The Linnet's Wings Summer 2014 - Page 19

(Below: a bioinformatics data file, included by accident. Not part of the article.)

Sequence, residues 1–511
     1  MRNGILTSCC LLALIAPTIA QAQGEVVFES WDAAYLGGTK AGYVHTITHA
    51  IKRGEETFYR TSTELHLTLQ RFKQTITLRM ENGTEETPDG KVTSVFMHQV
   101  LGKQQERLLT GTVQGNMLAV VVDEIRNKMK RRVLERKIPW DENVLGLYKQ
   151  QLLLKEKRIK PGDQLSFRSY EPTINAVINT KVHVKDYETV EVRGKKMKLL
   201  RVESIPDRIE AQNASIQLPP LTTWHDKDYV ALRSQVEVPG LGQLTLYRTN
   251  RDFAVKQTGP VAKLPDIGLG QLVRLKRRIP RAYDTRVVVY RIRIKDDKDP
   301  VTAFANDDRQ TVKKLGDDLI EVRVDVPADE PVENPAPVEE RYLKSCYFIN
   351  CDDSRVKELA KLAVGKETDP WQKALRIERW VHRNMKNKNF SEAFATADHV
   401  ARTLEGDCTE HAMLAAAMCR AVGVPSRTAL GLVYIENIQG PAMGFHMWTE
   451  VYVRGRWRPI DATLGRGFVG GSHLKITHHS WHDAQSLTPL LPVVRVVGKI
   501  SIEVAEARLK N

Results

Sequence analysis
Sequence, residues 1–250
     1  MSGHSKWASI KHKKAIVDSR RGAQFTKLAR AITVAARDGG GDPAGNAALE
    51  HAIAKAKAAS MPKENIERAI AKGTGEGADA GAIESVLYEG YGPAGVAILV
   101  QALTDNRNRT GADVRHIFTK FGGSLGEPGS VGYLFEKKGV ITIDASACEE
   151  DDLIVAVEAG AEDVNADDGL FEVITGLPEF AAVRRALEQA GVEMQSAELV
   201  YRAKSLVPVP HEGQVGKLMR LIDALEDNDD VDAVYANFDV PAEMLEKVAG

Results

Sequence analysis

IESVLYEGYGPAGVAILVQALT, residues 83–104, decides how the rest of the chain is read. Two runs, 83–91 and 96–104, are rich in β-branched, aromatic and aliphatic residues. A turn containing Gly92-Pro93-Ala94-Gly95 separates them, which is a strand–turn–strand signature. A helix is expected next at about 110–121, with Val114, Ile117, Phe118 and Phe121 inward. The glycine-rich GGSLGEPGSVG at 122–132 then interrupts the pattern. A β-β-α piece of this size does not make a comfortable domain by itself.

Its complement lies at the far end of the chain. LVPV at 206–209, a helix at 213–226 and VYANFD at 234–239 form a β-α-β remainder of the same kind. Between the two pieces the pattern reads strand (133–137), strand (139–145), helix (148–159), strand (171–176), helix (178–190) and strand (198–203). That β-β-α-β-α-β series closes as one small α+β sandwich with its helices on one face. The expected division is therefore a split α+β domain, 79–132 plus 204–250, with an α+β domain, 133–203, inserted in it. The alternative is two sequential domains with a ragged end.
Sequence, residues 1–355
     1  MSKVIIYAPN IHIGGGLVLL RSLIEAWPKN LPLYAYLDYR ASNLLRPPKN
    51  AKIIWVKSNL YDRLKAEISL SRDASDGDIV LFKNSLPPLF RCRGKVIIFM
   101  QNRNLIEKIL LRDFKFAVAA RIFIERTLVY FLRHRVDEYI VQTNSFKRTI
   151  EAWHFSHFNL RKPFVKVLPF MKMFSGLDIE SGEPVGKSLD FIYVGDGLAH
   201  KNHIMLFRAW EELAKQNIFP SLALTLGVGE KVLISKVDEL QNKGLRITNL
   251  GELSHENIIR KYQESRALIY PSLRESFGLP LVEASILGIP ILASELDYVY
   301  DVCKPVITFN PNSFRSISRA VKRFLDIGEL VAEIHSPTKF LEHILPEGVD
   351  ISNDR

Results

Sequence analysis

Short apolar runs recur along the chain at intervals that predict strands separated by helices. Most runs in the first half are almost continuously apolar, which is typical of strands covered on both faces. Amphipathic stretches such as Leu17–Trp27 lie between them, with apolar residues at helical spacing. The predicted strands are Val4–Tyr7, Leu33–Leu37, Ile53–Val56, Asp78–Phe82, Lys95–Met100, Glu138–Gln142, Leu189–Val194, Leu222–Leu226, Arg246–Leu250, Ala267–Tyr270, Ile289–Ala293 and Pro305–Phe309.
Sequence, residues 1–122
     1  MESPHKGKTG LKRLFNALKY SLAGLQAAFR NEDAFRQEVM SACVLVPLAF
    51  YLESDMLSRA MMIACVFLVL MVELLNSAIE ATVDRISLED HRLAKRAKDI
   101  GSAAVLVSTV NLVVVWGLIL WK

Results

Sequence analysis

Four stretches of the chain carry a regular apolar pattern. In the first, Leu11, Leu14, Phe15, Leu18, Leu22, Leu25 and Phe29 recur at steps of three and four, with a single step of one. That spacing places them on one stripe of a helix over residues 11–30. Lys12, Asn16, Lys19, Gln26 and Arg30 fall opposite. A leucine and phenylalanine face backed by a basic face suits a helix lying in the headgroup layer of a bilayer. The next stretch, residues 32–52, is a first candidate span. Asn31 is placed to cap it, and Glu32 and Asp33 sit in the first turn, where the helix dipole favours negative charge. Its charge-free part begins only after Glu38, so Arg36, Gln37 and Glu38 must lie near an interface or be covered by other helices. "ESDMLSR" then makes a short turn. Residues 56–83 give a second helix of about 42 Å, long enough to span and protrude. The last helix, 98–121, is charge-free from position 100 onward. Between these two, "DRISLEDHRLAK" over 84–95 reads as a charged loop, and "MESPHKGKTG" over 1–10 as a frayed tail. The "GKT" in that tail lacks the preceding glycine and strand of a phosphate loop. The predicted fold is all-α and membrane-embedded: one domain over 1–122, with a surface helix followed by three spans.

closer to the desk. Shadows filled the room like panthers. Better. When his phone rang he jerked the chair against his bad knee. The grimace came up from his soul. Later he would blame that pain for making him answer the phone when he should have just let it ring. ‘Saul?’ ‘Emily. This is… I’m not…’ Emily was twenty years younger than Saul and liked to think of herself as his confidante, his release, that even when the doubt and unreality enveloped him like a choking gas he could talk to her. It pissed him off that she was right and he refused to have her privy to this moment. ‘I’m just getting out of the bath, can I call you back?’ ‘You don't have a bath, Saul.’ ‘The shower. I’m just getting out of the shower. I’m still dripping.’ Saul had interspersed his day with four separate corner shop visits - for kosher sausages, a Gatorade, apples, and finally more cigarettes - but just now he felt like he could lift a house. The side of his bookcase was covered with scrawled yellow post-it notes and he felt hyper-alert, as though all the preparatory work of the past month had sharpened itself into a point inside him. He would hang up but she might come over. He stood, still repeating the line in his head. ‘I know you,’ Emily said in his ear as he walked towards the kitchen, dressing gown flapping against his veiny calves. ‘It’s two am. You've been writing. Or trying to.’ She laughed. ‘You were probably sat blankly in your underwear half the day.’ Saul could make out clinking glasses and vapid murmurs behind her voice; she was in a bar, no doubt with her ‘actress’ friends. ’I bet you’ve gone through two packs of the Noblesse,’ she went on, ‘maybe you've even had another of your famous breakthroughs...’ Saul hung up and tried to keep down the rage. He felt inside the kitchen door and flicked on the light. Emily had been a necessary crutch while Evie was sick. She had a talent for inveigling confidences from him in weak moments, and as a result knew how to get under his skin when she wanted to. Not tonight. He slipped the phone into the pocket of his dressing gown, grabbed a glass and, turning off the light, paced determinedly back to his corner cocoon. His knee ached as he reached for the bottle of Otard on the bookcase. He spoke the line out loud for the first time. Mistake. It sounded flat. Lifeless. He needed to see it, black on white. Hopefully… He grunted. Damn woman had unravelled him in a shot. Smoking a post-coital Gauloises on his bed she thought him a peerless genius, but get her drunk and she loved nothing more than to remind him how flimsy his existence was, how devoid of meaningful relationships now that Evie was gone, how a life lived in books was by definition two dimensional. He tried to let it bounce off him. Yes, he and Evie had never had children, he thought, pouring himself a finger of the brandy. Yes, he didn’t have many friends and yes, fictional characters occupied more space in his mind than politicians, historical figures, actors. But only because that is the way of the world, Emily. He sat down and picked up his drink. Didn’t the life of the fictional Reb Yudel touch more people than that of his creator Shai Agnon, for example? Weren’t Don Quixote’s tracks deeper than Cervantes’? He swung the chair into the desk, determined not to let her derail the process. History is the accumulation of stories, it said on a post-it on his bookcase, and the greatness of a story is measured solely by its influence. Dry factual accuracy doesn’t come into it, Emily, even if it does have great tits. Saul typed his opening line and leaned back nervously. It looked ready to explode. He exhaled, relieved, then leaned in and carried on typing from that opening. And typing. In the opening his protagonist was paying to be bitten by a small venomous snake. He sweated as he came to the point of no return. Before long he had a rhythm; the words came into his heart from some place outside him, they flowed through his arteries into his fingers and the story grew before his eyes like a shoot breaking